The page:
Insightful analysis from Naomi Fink. The sectors with the slowest TFP grown did not show the deepest or most consistent negative deflation. Instead, the most deflationary sectors were out-performers in terms of TFP: manufacturing and IT. The problem is, many of those companies are globalizing and investing offshore (instead of in Japan) precisely because they have the wherewithal and competitiveness to do so. I would think there is a connection here. – Nicholas Benes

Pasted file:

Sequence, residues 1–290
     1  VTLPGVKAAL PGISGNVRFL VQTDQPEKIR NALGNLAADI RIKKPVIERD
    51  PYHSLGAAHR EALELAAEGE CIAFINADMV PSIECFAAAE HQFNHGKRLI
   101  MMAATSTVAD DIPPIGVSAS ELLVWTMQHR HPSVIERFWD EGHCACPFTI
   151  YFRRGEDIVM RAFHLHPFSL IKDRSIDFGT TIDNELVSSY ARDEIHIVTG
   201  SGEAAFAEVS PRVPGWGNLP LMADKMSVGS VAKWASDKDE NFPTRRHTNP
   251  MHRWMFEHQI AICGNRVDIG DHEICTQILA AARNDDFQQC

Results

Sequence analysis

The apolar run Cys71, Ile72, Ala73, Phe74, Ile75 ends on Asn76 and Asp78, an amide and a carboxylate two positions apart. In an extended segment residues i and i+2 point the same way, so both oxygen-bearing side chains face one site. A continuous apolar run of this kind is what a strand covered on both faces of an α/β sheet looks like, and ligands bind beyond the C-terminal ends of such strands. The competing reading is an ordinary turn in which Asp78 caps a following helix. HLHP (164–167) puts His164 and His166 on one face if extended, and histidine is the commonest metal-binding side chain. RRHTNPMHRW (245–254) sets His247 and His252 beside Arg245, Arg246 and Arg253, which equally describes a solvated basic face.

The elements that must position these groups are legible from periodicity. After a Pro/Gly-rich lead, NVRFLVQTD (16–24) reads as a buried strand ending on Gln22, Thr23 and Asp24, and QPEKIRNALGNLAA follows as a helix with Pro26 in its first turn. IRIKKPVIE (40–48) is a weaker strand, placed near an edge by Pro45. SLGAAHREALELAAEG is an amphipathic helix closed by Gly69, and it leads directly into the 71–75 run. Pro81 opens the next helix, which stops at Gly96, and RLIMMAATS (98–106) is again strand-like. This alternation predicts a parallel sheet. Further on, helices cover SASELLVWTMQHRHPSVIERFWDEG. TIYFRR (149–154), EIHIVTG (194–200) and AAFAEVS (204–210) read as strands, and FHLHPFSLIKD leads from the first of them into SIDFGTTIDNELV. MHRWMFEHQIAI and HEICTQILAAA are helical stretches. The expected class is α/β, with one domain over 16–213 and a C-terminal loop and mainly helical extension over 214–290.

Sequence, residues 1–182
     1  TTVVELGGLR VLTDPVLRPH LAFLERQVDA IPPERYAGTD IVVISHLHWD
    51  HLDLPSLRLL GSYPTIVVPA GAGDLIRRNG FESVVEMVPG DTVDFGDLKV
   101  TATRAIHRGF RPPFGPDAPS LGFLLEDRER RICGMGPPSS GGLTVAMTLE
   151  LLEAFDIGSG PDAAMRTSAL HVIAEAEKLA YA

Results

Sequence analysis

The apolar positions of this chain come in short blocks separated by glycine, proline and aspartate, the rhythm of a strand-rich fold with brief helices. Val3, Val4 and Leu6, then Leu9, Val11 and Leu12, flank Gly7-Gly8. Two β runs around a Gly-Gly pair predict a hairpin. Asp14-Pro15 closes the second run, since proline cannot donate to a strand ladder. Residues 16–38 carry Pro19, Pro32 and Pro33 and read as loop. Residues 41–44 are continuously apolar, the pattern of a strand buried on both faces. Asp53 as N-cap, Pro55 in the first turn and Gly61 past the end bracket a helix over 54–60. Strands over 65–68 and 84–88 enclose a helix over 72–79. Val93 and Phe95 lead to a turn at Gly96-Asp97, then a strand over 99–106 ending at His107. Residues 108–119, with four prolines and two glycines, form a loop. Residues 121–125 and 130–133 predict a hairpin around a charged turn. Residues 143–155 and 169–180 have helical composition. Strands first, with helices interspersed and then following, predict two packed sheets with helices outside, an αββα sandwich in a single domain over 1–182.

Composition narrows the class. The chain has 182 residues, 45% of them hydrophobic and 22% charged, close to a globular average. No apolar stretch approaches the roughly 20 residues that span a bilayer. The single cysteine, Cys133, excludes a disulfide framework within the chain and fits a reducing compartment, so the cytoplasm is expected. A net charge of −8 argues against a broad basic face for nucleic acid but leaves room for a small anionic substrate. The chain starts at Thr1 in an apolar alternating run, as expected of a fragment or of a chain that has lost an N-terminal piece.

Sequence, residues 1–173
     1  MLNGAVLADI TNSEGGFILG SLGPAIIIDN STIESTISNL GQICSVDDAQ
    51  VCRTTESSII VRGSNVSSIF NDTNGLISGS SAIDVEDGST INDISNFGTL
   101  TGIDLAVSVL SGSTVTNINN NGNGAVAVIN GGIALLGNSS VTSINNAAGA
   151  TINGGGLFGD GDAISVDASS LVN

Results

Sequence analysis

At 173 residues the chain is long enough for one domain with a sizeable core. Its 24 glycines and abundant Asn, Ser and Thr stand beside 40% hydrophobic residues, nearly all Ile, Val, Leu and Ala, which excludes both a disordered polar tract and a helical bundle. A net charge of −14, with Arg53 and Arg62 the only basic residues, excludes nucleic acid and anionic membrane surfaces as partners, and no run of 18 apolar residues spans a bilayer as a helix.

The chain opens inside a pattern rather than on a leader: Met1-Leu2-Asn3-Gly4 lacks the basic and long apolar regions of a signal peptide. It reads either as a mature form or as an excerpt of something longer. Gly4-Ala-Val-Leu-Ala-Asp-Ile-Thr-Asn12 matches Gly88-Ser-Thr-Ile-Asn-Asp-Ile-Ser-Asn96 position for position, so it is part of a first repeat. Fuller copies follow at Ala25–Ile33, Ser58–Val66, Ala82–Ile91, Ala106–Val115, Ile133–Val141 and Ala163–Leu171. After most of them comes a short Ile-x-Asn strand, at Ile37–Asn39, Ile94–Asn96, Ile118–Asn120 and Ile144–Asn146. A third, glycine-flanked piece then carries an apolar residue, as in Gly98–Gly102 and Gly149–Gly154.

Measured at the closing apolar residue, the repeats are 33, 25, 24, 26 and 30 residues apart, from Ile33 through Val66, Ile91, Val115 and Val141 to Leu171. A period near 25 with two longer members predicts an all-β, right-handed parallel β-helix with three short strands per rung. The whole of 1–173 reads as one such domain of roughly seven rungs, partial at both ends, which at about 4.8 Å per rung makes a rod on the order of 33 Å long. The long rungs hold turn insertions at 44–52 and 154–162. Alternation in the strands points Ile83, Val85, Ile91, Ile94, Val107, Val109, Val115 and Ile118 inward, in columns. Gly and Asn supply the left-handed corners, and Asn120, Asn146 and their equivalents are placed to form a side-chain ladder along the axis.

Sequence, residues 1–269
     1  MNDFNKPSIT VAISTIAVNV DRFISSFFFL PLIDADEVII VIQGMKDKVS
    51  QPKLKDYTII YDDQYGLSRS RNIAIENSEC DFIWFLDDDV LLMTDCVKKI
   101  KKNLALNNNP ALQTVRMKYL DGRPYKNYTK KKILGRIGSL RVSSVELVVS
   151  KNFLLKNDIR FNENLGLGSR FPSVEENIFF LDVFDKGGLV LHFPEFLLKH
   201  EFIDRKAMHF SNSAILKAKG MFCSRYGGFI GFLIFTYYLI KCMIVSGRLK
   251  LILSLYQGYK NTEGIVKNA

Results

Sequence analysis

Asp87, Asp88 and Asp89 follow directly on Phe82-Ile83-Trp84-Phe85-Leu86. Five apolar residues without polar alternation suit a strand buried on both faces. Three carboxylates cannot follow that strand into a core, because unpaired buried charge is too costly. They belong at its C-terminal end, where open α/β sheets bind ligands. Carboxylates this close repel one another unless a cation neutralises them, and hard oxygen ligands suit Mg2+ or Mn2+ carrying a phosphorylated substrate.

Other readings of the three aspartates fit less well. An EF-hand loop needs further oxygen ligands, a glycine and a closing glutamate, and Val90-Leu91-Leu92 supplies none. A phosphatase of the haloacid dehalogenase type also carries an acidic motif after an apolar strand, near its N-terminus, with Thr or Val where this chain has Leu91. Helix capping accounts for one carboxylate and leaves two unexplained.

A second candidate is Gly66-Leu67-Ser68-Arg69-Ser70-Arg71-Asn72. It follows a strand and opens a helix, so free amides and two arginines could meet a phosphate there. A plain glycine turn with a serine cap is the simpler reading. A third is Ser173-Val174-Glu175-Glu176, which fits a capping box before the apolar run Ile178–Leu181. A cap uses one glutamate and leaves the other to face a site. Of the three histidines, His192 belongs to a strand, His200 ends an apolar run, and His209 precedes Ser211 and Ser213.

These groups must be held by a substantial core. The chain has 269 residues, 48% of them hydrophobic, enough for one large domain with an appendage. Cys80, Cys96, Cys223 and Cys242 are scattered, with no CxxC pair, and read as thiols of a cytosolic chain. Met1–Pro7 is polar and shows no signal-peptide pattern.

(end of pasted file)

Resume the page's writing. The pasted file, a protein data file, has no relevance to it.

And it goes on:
Abstract: “The first in a two-part series on Japanese total factor productivity, this paper presents an analytical argument for a non-monetary structural reform policy pillar based on the assumption that overcoming deflation, while arguably a necessary precursor to reform, is not in its own right a solution to Japan’s structural ailments. Our analytical evidence takes the form of comparative calibrated simulations of aggregate Japanese growth accounting using the neoclassical growth model, first with and secondly without accounting for Investment Specific Technology (IST). We find that the IST-adjusted model better explains Japanese growth accounting during the “lost decades” than the base-case model. The implications of this outcome are as follows: IST represents a type of relative deflation – the decline in capital goods prices in terms of consumption units. Structurally, this contributes positively to total factor productivity. We supplement this with counterfactual analysis: were deflation the primary causal trigger for Japan’s structural decline, sector decomposition of growth accounting should show leading price declines in the worst performing sectors in terms of TFP. This is not the case. When we decompose Japanese growth accounting by sector, we find that the sectors responsible for the slowest TFP growth and those furthest from the “balanced growth path” characterized by theory neither showed the first, deepest, nor most consistent negative growth in deflators. Rather, the most deflationary sectors were out-performers in terms of TFP and those that demonstrated characteristics of a “balanced growth path,” tending to belong to manufacturing (rather than nonmanufacturing) and IT (rather than non-IT) industries….”
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